By: Erin Callahan – Chief A&E Writer
He has been described as “one of the major lyric voices of our time” by The New York Times book review, “the world’s first fast-talking, wisecracking, mediagenic American-Indian superstar” by Men’s Journal, and was named one of The New Yorker’s 20 top writers for the 21st century. On Nov. 11, the University of Dayton can find out why.
Author, poet, and screenwriter Sherman Alexie will visit campus Tuesday as part of the University of Dayton Speaker Series. He will attend a private reception in the Kennedy Union Presidential Suite at 5:30 p.m. with a public lecture to follow in the KU Ballroom at 7 p.m.
He is best known for his irony, humor and wit, and has a personal connection to his writing.
After growing up on the Spokane Indian Reservation in Washington and cultivating his skills as a writer at Spokane’s Jesuit Gonzaga University and Washington State University, he has made a career of telling stories of contemporary Native American life.
Alexie’s works have been highly praised, earning him numerous awards and recognitions including “Smoke Signals,” based on his book, “The Lone Ranger and Tonto Fistfight in Heaven,” which won the Audience Award and Filmmakers Trophy at the 1998 Sundance Film Festival; “The Absolutely True Diary of a Part-Time Indian,” a 2007 National Book Award winner in Young People’s Literature; and he most recently won the 2014 Literature Award by the American Academy of Arts and Letters. He released his 24th book in November 2013.
Thomas Morgan, associate professor of English, proposed Alexie to be a part of the Speaker Series, and his visit will also fall in coordination with the Native Peoples of the Americas Colloquium.
“It’ll be a good chance to make conversation on campus,” Morgan said. “The speaker series this year is focusing on peace, and thinking how to build a more just and equitable world. This is a time to think about the kind of role poets and authors can have in beginning to think about these sensitive issues, in addition to other public figures.”
Morgan read much of Alexie’s work in graduate school, has taught on the subject in multiple classes at UD, and is currently teaching a senior capstone course exclusively on the author. He said he believes there are valuable lessons to be learned from Alexie through classroom study and attending his presentations.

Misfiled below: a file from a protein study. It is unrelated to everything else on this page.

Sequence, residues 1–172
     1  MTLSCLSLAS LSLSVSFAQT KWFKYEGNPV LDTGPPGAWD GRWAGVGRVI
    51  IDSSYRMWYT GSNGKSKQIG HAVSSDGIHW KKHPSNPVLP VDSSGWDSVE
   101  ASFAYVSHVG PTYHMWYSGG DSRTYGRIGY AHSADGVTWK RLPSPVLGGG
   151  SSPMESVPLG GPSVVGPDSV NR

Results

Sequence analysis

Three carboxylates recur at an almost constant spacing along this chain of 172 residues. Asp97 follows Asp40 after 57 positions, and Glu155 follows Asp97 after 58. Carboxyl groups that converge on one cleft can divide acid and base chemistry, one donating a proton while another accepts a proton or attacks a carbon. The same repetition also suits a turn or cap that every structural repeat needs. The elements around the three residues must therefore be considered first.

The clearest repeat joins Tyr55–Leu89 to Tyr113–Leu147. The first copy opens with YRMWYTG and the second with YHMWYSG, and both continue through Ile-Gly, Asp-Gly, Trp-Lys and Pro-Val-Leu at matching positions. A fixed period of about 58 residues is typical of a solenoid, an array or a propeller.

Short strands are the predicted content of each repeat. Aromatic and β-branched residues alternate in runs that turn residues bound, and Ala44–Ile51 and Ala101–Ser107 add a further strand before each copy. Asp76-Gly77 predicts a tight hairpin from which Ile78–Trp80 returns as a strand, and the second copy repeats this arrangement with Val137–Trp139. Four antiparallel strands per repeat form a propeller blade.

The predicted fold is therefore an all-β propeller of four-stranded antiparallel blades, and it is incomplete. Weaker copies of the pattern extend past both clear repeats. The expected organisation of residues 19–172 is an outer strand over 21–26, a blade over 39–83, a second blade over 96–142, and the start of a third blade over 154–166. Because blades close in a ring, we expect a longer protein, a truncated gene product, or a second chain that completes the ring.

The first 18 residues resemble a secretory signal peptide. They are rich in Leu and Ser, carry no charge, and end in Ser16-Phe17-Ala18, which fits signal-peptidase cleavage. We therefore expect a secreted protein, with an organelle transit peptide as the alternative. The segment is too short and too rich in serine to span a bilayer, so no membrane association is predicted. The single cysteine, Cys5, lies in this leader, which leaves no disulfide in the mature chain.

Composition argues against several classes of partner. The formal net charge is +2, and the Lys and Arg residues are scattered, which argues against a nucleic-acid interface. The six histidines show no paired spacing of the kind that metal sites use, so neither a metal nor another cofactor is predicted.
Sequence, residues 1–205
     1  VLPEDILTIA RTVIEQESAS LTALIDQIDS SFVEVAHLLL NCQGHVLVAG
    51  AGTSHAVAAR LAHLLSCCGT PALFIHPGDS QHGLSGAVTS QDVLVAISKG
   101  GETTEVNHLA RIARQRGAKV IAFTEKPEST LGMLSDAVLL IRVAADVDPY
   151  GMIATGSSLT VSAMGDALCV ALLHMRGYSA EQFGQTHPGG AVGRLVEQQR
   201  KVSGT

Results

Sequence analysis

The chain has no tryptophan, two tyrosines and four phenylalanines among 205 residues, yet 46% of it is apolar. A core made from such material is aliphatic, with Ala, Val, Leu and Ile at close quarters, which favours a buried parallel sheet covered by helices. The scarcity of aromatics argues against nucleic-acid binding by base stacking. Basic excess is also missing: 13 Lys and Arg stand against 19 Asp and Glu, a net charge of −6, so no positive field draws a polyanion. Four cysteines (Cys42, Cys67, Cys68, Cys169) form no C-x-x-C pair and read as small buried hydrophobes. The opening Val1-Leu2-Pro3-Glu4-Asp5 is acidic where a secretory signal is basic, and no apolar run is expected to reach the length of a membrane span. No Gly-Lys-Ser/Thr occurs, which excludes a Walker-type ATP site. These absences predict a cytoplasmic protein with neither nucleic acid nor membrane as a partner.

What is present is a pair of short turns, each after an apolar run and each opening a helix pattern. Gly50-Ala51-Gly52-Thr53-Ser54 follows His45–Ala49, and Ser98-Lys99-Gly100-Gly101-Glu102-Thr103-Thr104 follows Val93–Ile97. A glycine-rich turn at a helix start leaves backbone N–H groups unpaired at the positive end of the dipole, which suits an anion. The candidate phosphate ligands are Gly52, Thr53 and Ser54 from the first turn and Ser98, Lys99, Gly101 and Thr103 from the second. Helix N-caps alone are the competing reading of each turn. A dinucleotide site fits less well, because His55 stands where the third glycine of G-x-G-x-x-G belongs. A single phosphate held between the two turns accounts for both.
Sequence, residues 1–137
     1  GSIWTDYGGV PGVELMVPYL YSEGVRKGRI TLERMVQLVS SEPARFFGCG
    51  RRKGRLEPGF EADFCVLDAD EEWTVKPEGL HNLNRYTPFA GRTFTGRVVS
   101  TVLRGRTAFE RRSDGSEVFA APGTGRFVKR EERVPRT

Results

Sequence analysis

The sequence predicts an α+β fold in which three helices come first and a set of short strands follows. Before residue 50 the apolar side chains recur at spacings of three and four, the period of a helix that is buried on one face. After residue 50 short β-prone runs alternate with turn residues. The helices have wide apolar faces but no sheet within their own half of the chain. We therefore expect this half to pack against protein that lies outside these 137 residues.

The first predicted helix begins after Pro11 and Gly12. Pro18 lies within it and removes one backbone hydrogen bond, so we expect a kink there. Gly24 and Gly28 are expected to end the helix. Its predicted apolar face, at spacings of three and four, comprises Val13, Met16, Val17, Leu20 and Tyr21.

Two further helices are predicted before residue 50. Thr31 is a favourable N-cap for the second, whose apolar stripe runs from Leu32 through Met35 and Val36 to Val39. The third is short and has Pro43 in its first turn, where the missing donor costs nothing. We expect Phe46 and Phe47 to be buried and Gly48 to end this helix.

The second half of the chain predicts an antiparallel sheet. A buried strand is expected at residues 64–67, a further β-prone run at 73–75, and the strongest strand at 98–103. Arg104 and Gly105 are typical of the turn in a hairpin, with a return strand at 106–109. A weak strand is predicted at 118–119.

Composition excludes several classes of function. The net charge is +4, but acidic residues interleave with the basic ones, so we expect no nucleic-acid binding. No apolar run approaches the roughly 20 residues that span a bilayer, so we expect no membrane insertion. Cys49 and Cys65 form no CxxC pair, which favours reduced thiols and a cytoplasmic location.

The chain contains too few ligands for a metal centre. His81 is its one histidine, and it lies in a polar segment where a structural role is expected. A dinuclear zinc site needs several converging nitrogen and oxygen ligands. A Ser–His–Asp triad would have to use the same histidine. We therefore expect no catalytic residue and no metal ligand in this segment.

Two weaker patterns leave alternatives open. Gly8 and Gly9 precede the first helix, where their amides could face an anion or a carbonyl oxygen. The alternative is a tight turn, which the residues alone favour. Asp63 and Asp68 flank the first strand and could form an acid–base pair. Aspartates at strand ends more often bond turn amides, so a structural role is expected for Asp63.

“You can gain the kind of understanding that comes from leaving the spaces of safety where you know how everything works,” he said. “He’s a Spokane Indian, and also has experience within the Catholic Church, so his religious practices draw from both traditions. His poetry engages those elements and offers students the chance to think about the multicultural complex world that they live in. They don’t have to change their faith, but they’re seeing how others are engaging with theirs.”
Students who have studied Alexie’s work in Morgan’s poetry class had similar thoughts. Eileen Comerford, a senior English major recalled reading Alexie’s “The Summer of Black Widows” and watching “The Business of Fancydancing” her sophomore year, two works that focus on the Native American lifestyle, and said his modern tone paired with his flowery language stood out to her the most.
“He emphasized the beautiful, wonderful, powerful aspect of nature and the Native American’s connection to it,” she said. “However, he’s a realist, not mushy-gushy. He approaches topics in a funny, ironic and fresh way.”
Alyse Krevh, also a senior English major, said studying Alexie in Morgan’s class supplemented her ethnic and racial minorities class she took during the same semester.
“It really sparked my passion to help people, to realize that racism is still very much alive,” she said. “I learned about the many challenges Native Americans still face today. Attending Alexie’s presentation will help give a voice and a face to this author – all of our class discussions will be more understood.”
Morgan and his students, Comerford and Krevh, agree this is an opportunity to take advantage of. Not only is he a big name in the world of literature, they said, he also has a broadly resonant message anyone could relate to.
“I can guarantee it will be lively and exciting,” Morgan said. “While he’s dignified and famous, he’s the type of person that is very much interested in engaging with his audience and not just talking to them. He has quick wit and humor, designed to make people think along the way, and he helps create good ideas of discussion for the larger community. It’s that combination that makes him engaging and interesting.”